1. The effects of long term administration of micromolar concentrations of the D2 antagonist haloperidol upon monoaminergic neurons in the snail Lymnaea stagnalis was investigated. 2. Treatment by bath application with 0.5-2.0 micromolar haloperidol, caused a significant, continuous depletion of dopamine levels in the nervous system as revealed by high performance liquid chromatography. 3. A transient depletion of serotonin was also observed, but DOPA and norepinephrine levels were unaffected. Similar depletion of dopamine was observed after the land snail, Achatina fulica, was injected with haloperidol on each of 4 consecutive days. 4. The depletion of dopamine as revealed with glyoxylate-induced fluorescence in Lymnaea appears to be restricted to a subpopulation of catecholaminergic neurons which are immuno- negative for tyrosine hydroxylase, the synthetic enzyme responsible for the conversion of tyrosine to DOPA. 5. The results thus demonstrate a depleting action of low micromolar doses of chronic haloperidol on specific subsets of dopaminergic neurons and a novel preparation for studying catecholaminergic mechanisms operating across the animal kingdom.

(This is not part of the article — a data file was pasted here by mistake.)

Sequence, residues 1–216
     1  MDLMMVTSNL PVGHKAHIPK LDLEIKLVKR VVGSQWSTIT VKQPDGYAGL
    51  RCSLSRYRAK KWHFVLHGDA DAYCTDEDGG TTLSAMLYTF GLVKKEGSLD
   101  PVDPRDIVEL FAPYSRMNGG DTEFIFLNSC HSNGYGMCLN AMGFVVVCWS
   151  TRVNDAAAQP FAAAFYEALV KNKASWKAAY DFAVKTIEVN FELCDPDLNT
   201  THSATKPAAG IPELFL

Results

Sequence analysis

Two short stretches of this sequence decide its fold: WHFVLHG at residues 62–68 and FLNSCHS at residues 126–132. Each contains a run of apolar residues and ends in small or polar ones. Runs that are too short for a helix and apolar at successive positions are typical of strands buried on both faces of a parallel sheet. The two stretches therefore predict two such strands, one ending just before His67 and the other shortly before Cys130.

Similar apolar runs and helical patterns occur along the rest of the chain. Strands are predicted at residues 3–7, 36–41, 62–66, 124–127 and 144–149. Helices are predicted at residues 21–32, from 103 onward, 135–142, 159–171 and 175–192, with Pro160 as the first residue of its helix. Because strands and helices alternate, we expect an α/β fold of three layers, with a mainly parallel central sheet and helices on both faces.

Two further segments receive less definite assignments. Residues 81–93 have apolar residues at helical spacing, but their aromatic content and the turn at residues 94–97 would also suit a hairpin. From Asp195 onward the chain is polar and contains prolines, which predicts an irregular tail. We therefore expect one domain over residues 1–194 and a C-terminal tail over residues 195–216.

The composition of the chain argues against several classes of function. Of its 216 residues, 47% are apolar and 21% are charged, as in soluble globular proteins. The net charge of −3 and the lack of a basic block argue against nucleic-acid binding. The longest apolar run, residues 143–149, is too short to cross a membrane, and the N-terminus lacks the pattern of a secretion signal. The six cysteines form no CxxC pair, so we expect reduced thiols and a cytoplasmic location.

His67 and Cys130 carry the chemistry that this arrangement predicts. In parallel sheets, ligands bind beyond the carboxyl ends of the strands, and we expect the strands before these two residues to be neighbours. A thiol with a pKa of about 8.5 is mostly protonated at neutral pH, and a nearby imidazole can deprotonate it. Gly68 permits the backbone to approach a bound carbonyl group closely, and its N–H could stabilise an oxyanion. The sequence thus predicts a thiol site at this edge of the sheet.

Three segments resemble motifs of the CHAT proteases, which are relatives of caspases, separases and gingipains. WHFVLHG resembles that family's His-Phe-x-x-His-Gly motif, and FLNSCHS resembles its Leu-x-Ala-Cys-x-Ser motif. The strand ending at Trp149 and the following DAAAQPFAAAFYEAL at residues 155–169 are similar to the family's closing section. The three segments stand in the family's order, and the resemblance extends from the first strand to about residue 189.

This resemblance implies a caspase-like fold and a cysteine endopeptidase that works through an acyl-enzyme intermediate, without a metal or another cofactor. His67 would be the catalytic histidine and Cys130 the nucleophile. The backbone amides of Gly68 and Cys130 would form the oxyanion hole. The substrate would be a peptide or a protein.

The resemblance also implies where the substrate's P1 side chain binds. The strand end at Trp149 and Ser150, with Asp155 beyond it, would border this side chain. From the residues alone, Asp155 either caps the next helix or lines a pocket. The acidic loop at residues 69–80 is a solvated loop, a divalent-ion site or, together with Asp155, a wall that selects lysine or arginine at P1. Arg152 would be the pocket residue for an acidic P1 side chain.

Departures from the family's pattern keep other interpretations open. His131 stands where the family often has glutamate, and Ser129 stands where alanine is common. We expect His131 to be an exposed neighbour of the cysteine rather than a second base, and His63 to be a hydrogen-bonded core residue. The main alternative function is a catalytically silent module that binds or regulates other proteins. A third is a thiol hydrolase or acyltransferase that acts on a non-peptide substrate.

ASJC Scopus subject areas
- Cellular and Molecular Neuroscience
- Cell Biology